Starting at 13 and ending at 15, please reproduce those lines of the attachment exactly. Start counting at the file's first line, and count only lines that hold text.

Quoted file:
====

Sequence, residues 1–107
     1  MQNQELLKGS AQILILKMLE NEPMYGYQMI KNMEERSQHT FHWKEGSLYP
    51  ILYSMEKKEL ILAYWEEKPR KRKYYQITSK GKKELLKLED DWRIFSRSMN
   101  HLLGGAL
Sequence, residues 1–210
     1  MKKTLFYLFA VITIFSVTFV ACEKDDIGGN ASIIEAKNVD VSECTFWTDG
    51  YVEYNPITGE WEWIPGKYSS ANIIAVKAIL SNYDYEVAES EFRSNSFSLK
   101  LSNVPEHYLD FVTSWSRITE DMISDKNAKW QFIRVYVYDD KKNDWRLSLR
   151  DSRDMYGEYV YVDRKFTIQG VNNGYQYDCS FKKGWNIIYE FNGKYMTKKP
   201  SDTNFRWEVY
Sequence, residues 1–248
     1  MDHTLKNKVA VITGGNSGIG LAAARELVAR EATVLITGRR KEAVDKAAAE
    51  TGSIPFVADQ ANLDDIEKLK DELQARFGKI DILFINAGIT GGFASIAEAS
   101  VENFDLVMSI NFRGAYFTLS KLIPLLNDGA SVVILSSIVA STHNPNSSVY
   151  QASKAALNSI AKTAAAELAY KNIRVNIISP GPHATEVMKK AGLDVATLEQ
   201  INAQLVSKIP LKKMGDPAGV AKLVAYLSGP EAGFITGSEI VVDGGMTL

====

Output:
    51  TGSIPFVADQ ANLDDIEKLK DELQARFGKI DILFINAGIT GGFASIAEAS
   101  VENFDLVMSI NFRGAYFTLS KLIPLLNDGA SVVILSSIVA STHNPNSSVY
   151  QASKAALNSI AKTAAAELAY KNIRVNIISP GPHATEVMKK AGLDVATLEQ